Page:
The United States understands fully that a unilateral moratorium on the production of fissile material for use in nuclear weapons or other nuclear explosive devices is not a substitute for a negotiated FMCT. At the same time, we think it is undeniable that it could help build confidence and trust. A unilateral moratorium can demonstrate good-faith commitment to the FMCT’s objectives pending the outcome of a negotiation to ban the production of fissile material. The United States, United Kingdom, France, and Russia have long maintained such moratoria. We reiterate our call to all states that have not yet done so to declare a moratorium on such production immediately.
The United States continues to support negotiations at the Conference on Disarmament on the basis of the Shannon Mandate, which I would like to underscore does not limit what issues delegations may raise, including matters pertaining to stocks. This was demonstrated conclusively by the UN GGE and the UN High level Preparatory Group, which both conducted their work on the basis of CD/1299 and featured extensive discussion of the stocks issue.
However, as was noted also by some of the panelists today, keeping in mind the sheer technical complexity of the stocks issue, particularly with respect to questions of accountability and effective verification, the United States believes that it is far more urgent and practical to deal with the issue of new fissile material production first. While we recognize that to achieve the goal of a nuclear weapons free world, we will need at some point to address stocks, we need to start somewhere.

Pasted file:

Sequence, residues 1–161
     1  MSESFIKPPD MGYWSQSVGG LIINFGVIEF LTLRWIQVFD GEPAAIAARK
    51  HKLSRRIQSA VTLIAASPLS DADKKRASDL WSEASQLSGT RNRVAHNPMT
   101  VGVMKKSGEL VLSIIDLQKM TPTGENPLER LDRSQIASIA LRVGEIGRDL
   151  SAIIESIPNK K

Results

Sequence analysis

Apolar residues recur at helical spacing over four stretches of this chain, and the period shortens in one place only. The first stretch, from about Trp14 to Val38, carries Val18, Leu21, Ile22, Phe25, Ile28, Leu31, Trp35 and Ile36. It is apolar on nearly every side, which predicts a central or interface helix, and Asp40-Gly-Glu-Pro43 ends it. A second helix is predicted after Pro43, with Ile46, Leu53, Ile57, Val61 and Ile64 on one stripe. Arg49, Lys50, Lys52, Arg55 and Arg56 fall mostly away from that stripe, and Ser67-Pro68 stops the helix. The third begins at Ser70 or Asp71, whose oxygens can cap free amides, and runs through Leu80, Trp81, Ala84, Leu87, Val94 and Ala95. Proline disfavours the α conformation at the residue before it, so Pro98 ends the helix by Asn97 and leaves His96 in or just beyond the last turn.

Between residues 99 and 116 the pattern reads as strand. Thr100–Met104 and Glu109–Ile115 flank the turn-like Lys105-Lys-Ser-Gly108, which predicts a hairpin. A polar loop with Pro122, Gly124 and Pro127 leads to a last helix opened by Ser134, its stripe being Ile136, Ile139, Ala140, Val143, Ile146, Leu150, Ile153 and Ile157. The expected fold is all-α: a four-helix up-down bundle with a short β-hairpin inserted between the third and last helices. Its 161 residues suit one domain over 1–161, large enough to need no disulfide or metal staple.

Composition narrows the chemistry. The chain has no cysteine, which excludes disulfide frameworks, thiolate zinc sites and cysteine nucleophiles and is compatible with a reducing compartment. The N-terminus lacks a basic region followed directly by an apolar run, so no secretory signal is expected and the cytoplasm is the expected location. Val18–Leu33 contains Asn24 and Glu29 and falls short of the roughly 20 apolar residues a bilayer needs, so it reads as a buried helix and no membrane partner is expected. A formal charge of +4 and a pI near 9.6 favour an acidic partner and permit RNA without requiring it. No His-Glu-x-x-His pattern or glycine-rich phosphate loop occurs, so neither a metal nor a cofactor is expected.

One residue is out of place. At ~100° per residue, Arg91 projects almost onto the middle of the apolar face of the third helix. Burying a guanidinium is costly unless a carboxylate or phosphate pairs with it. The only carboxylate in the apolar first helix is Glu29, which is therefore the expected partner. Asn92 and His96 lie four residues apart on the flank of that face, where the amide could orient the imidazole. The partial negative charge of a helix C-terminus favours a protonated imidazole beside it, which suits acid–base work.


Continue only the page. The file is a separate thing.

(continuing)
That is not to say that we would not expect others to raise stocks, or that we would not be prepared to talk about the issue ourselves or explore ways to build confidence. We would welcome the opportunity to address the significant steps we’ve taken to provide transparency into U.S. fissile material stocks, to declare fissile material excess to national security needs, and to permanently remove this material from potential further use in nuclear weapons.
Ambassador Turner also laid out these points with regards to the specifics of these steps in his intervention last week – quite a few details are available. That is also available in our national report to the 2022 NPT Review Conference. Far more progress has been made in managing and reducing excess stocks than would have been possible if we had linked such reductions to negotiation of an FMCT. Far from stimulating progress on both fronts – new production and existing stocks – such linkages have instead created impediments to progress on either front.
In sum, the time is long past due for commencing formal negotiations of an FMCT. Beginning such negotiations is all the more urgent in the current security environment. We are ready to begin now. Given the importance of making progress, we are also open to new and creative solutions and formats – also something the panelists talked about today. The important thing is that we do something and do something now.
Madame President, it has been more than 25 years since this body took up a mandate to negotiate an effectively verifiable FMCT. The United States stands ready to work with all delegations to make this negotiating mandate a reality. It is long past time for the CD to get back to work.